Following submission of the applications for renewal and plenary qualification, DGE filed four reports with the Commission in response to Tropicana's petitions. On October 11, 2007, DGE filed a complaint against Tropicana, alleging it had failed to implement a properly constituted and functioning independent audit committee and that it had failed to implement requisite lines of reporting and supervision for its internal control managers and surveillance departments. A hearing on the licensing renewal lasted eight days. After reviewing the statutory requirements for relicensure and plenary qualifications, including financial stability, integrity, and responsibility; integrity of all financial backers; good character, honesty, and integrity; business ability and casino experience to establish a likelihood of creation and maintenance of a successful, efficient casino operation; and suitability of the casino and related facilities, the Commission concluded that Tropicana did not satisfy the requirements for relicensure and plenary qualification. It found that Tropicana's regulatory performance was "abysmal." It described Tropicana's approach to the constitution and operation of the requisite independent audit committee as intransigent due to its desire to "retain management dominance."

The Commission determined that the massive layoffs were an alternative basis to deny relicensure and plenary qualification, concluding that Yung was determined to operate Tropicana AC in the same manner as his smaller markets with little regard for the regulatory requirements in New Jersey. The Commission also found Yung's lack of familiarity with certain regulatory requirements and his professed lack of understanding of Tropicana AC's management services agreement with TCR and Columbia Sussex (a company wholly owned by Yung) "strained credulity." In addition the Commission found that the turnover of key senior management and their replacement by personnel with limited casino experience raised questions about the ability of TCR and Tropicana AC to assemble and retain a competent team to operate in the highly regulated casino environment. The Commission also concluded that Tropicana had demonstrated a lack of financial integrity, noting that the massive personnel reductions had not improved the casino's financial performance and that the financing for the Aztar acquisition was structured to avoid subjecting Columbia Sussex to regulatory scrutiny as a holding company.

The Commission also addressed whether Tropicana AC was a first class facility, noting the significant cuts in housekeeping and maintenance staff caused cleanliness issues that led to many customer complaints. Ultimately, the Commission concluded that Tropicana's failure to appreciate the "workings of the Atlantic City marketplace," and its failure to retain or hire personnel who had the knowledge required to operate within the New Jersey regulatory and business environment, coupled with its failure to educate itself about that environment, demonstrated a lack of good character, honesty, and integrity, and constituted "contumacious defiance of the regulatory process."

The Appellate Division affirmed the decision of the Commission denying relicensure and plenary qualification. Initially, the Appellate Division addressed its role in reviewing the decision of the Commission, noting that the Commission's decision must be given deference unless it is determined to be arbitrary, capricious, unsupported by substantial credible evidence in the record, or is in violation of express or implicit legislative policy. The panel noted that great weight is to be given to the interpretation of legislation by the administrative agency to which its enforcement is entrusted. Further, the appellate panel addressed the broad regulatory powers the Legislature vested in the Commission to carry out the expansive regulation of casinos envisioned in the Act.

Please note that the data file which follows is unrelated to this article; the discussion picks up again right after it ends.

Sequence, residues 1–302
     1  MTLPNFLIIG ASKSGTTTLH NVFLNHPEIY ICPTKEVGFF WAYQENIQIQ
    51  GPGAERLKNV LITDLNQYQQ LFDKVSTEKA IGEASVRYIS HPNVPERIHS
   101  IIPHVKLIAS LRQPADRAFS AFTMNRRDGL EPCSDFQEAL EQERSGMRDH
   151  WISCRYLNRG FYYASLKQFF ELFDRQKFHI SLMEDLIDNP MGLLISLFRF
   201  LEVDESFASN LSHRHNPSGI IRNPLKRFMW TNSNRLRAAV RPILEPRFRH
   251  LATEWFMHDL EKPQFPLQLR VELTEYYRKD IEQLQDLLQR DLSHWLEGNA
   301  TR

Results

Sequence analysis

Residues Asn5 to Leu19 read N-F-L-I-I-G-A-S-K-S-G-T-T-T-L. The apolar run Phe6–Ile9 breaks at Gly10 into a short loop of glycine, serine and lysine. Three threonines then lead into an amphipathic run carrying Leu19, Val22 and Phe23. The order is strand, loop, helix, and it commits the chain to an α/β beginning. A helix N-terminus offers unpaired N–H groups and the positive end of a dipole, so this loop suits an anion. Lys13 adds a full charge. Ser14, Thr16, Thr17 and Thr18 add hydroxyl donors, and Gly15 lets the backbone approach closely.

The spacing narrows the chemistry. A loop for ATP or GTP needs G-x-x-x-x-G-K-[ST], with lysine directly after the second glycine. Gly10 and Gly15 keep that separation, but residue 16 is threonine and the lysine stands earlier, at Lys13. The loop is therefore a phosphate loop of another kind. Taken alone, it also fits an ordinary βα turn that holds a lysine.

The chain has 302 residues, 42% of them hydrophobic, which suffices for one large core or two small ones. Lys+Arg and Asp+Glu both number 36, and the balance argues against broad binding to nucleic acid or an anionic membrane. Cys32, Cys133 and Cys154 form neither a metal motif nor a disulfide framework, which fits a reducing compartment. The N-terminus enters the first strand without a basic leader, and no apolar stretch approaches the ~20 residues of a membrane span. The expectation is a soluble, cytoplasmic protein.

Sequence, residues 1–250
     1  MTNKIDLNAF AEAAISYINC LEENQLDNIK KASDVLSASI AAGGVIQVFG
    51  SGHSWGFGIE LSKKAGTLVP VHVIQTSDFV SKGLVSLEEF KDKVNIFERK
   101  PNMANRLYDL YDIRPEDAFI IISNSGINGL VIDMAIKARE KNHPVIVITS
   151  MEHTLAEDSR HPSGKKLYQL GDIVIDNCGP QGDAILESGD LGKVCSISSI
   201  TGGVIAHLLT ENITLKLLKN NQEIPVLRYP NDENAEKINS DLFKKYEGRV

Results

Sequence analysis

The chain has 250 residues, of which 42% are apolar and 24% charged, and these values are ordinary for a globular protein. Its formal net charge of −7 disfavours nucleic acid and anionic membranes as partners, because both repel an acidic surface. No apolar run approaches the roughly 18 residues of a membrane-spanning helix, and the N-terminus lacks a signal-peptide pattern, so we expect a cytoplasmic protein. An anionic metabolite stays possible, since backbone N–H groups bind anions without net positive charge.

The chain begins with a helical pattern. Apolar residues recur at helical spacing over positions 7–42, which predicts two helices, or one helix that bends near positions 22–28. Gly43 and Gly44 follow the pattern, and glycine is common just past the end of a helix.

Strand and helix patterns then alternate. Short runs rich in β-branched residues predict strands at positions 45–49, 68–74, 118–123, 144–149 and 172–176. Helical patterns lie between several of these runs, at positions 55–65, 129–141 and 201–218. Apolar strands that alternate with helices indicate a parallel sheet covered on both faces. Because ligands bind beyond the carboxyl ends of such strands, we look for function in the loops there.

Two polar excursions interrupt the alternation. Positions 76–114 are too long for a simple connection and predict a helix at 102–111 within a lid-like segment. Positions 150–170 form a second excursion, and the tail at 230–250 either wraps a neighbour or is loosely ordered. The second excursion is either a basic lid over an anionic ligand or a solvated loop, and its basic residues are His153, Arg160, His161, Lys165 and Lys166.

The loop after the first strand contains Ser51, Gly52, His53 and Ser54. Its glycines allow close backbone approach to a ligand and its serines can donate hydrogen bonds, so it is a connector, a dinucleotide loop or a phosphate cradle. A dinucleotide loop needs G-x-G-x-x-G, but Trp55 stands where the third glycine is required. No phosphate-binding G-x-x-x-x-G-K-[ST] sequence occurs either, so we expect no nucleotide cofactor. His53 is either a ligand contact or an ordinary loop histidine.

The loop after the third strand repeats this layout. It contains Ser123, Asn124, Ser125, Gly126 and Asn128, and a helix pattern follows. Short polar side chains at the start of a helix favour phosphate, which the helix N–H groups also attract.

On the merits, the appellate panel addressed the issue of the need for an independent audit committee that is responsible for review and implementation of a system of internal controls. The Appellate Division noted that Tropicana did not dispute that it failed to adhere to the requirement that it have a proper independent audit committee in place when it began its operations on January 3, 2007, squarely in violation of the Act's requirements. The panel concluded that the record strongly supports a finding that Tropicana's conduct was purposeful and characterized by a philosophy or desire to do things its way rather than in the manner required by the New Jersey regulatory scheme. The panel also rejected Tropicana's argument that the standards governing its behavior were novel and imposed on it without notice. In addition, the appellate panel concluded that the Commission was not required to reduce prior adjudicatory decisions to rules promulgated in accordance with the Administrative Procedures Act.

The panel determined that the Commission's findings that Tropicana lacked financial integrity and responsibility, as well as business ability, are amply supported in the record. The massive staff layoffs, the turnover in senior management accompanied by their replacement with personnel with less extensive casino management experience, the cleanliness crisis experienced in the late winter-spring 2007, the regulatory violations directly related to inadequate staffing, and the failure to recognize the immediate need for a conforming independent audit committee and the intransigence in adopting a conforming committee, all attest to the ultimate conclusion that the Tropicana AC license should not have been renewed and that plenary qualification of TCR was properly denied.

HELD: Judgment of the Appellate Division is AFFIRMED substantially for the reasons expressed in Judge Cuff's written opinion below. The Casino Control Commission's determination to deny applications for renewal of Tropicana AC's casino and casino hotel alcoholic beverage licenses and for plenary qualification of Tropicana Casinos and Resorts, Inc., as the parent company of Tropicana AC, is amply supported by substantial credible evidence in the record.

CHIEF JUSTICE RABNER and JUSTICES LONG, LaVECCHIA, ALBIN, WALLACE, RIVERASOTO, and HOENS join in this opinion.

Per curiam.

Argued November 17, 2008

The judgment of the Appellate Division is affirmed, substantially for the reasons expressed in Judge Cuff's written opinion of the Appellate Division, reported at 401 N.J. Super. 247 (2008).

CHIEF JUSTICE RABNER and JUSTICES LONG, LaVECCHIA, ALBIN, WALLACE, RIVERA-SOTO, and HOENS join in this opinion.

Chief Justice Rabner PRESIDING

20081125